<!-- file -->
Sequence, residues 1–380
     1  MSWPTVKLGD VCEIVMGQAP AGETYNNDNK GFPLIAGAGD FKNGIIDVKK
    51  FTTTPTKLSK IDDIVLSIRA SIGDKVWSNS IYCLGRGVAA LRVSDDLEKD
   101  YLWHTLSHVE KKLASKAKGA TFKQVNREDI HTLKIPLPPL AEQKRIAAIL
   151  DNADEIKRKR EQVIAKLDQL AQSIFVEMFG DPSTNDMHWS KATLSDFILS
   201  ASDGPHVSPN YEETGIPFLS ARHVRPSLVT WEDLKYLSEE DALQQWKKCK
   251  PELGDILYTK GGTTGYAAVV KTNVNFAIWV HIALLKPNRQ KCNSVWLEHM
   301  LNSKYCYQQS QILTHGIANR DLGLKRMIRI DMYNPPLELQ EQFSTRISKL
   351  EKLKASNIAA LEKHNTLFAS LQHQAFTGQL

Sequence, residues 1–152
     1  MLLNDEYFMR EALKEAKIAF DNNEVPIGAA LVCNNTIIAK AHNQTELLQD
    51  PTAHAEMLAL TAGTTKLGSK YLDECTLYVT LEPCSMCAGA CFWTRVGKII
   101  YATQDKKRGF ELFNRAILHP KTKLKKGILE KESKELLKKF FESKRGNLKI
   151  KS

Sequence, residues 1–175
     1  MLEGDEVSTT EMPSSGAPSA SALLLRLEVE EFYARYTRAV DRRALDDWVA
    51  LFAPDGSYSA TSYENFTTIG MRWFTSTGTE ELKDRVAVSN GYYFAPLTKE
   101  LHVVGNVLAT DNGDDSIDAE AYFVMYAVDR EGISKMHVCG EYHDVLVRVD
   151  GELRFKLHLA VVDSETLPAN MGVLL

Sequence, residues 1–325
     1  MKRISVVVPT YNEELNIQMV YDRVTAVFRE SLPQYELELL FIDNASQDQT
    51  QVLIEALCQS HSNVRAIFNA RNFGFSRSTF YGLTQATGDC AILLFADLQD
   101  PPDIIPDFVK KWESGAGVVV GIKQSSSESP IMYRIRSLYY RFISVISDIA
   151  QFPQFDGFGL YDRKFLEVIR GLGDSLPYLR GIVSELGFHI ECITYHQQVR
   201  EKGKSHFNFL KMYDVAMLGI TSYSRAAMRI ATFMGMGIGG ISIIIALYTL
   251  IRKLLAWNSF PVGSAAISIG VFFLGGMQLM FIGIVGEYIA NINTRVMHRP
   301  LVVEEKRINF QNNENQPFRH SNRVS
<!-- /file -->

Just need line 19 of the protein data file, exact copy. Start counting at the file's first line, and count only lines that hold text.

   151  GELRFKLHLA VVDSETLPAN MGVLL